With developments planned on the very last piece of untouched land available in Mississauga, the city’s decades-long era of sprawl is definitively over.
The city was once a bedroom community of Toronto so synonymous with suburbia that its long-time mayor was known as the Queen of Sprawl. That mayor, the since-retired Hazel McCallion, eventually recognized her city couldn’t expand forever and started a push for intensification.
However, even as Mississauga started building up, it continued to build out. Sprawl is also being embraced enthusiastically still by city leaders across Southern Ontario. And as provincial politicians at Queen’s Park push for the expansion of many municipal boundaries, in the name of helping home affordability, observers warn that Mississauga’s experience should be a red flag.
Even political leaders and top staff in Mississauga, while careful to note that their predecessors made decisions in a different and more car-oriented era, talk about the need to fix the expensive mistakes of the past.
“Growth should pay for growth, but ultimately, growth doesn’t pay for growth,” said Mississauga Mayor Bonnie Crombie, who took office in 2014. “That’s why you see the mayors today looking for new forms of federalism and more long-term sustainable funding and more control over our revenue sources.”
The city has also been trying to change gears by building up its downtown and adding clusters of major development elsewhere. Lot sizes for houses have shrunk in recent decades, making them cheaper to service than the older homes, and the number of apartments has crept up to about one-quarter of the city’s total dwelling units.
But none of this erases the financial hangover from decades of gung-ho suburban expansion.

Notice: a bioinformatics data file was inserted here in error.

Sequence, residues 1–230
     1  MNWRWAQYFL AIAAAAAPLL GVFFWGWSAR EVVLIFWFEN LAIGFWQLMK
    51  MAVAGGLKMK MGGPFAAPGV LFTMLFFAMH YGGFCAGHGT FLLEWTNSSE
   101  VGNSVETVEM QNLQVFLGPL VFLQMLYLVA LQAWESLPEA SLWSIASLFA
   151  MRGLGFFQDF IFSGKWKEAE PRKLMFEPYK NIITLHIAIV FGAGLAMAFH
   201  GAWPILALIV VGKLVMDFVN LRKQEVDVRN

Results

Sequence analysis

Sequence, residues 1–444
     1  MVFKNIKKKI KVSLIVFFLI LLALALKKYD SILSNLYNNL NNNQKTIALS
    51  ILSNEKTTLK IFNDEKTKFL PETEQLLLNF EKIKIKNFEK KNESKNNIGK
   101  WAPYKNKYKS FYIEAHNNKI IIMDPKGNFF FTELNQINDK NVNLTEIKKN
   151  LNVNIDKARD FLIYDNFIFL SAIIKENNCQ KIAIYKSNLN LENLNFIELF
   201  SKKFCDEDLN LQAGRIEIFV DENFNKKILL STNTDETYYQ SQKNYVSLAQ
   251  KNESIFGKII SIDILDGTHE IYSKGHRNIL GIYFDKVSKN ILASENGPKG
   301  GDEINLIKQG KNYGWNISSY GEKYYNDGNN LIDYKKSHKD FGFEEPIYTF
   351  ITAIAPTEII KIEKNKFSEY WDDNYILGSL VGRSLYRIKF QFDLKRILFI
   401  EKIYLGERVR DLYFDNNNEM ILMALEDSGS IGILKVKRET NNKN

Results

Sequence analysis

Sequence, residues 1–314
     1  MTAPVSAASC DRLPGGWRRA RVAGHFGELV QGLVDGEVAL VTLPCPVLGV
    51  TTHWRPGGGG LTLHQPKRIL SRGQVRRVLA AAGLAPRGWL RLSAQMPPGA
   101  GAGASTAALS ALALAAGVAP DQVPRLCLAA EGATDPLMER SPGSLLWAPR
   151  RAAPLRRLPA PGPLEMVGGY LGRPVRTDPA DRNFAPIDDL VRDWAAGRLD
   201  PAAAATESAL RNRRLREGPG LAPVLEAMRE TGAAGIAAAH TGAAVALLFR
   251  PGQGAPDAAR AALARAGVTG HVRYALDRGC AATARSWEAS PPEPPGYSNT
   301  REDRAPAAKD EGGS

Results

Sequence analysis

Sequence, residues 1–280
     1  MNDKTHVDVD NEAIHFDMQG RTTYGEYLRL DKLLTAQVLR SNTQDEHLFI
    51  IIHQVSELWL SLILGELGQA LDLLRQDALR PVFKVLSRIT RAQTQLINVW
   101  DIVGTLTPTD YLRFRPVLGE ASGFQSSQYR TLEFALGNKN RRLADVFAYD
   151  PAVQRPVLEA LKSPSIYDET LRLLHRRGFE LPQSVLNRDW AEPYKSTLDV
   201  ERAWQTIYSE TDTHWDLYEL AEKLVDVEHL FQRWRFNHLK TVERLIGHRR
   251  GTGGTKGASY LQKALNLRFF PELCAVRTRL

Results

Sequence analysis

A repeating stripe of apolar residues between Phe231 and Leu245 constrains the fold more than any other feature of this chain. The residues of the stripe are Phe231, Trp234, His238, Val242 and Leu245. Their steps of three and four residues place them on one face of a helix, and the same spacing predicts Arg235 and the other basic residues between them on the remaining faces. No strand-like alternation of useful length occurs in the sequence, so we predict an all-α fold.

“There is a cautionary tale [here], that you’ve got to be very careful that you don’t create an inefficient urban form and simply defer the responsibilities or the day of reckoning to your children,” said Tom Urbaniak, a Cape Breton University professor of political science and author of Her Worship: Hazel McCallion and the Development of Mississauga.
“The infrastructure [in newly developed areas] that was put in place in a pretty compressed timeframe is coming due for repair and renewal in a pretty compressed time frame, without the waterfall of development charges accompanying it.”
With diminishing prospects for more sprawl – and the associated fees it generated – Mississauga in 2012 instituted a special levy to try to pay down the snowballing bill for infrastructure repairs. Property taxes also started to rise dramatically in the same decade.
Mississauga chief financial officer Shari Lichterman noted that the city remains in sound financial shape, with a triple-A credit rating. She also pointed out that some of the current fiscal pressures are owing to other levels of government shifting responsibilities onto cities, and increased municipal costs such as arbitration, not simply the development decisions of the sprawl era.
“I don’t want to speak too much for the folks that were making decisions back then,” she said. “You know, we weren’t the only city that didn’t quite put enough money away for the future during that time period.”
The basic approach to building out Mississauga was to generate development fees by opening up farmland. This had the twin political benefits of putting growth in places where it didn’t offend existing homeowners, while raising money that could be spread across the city.